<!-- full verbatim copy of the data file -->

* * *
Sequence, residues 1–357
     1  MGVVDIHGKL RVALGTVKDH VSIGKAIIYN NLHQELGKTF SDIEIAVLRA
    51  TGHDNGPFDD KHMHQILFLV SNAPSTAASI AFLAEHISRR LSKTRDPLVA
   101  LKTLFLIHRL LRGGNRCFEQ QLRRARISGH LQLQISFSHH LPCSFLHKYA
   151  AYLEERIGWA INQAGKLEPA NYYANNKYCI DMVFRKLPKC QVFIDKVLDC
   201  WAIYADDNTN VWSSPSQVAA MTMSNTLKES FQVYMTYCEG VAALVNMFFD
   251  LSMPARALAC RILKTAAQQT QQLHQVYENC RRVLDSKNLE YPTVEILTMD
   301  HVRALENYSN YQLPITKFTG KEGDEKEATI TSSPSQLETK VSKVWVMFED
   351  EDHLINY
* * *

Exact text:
Sequence, residues 1–357
     1  MGVVDIHGKL RVALGTVKDH VSIGKAIIYN NLHQELGKTF SDIEIAVLRA
    51  TGHDNGPFDD KHMHQILFLV SNAPSTAASI AFLAEHISRR LSKTRDPLVA
   101  LKTLFLIHRL LRGGNRCFEQ QLRRARISGH LQLQISFSHH LPCSFLHKYA
   151  AYLEERIGWA INQAGKLEPA NYYANNKYCI DMVFRKLPKC QVFIDKVLDC
   201  WAIYADDNTN VWSSPSQVAA MTMSNTLKES FQVYMTYCEG VAALVNMFFD
   251  LSMPARALAC RILKTAAQQT QQLHQVYENC RRVLDSKNLE YPTVEILTMD
   301  HVRALENYSN YQLPITKFTG KEGDEKEATI TSSPSQLETK VSKVWVMFED
   351  EDHLINY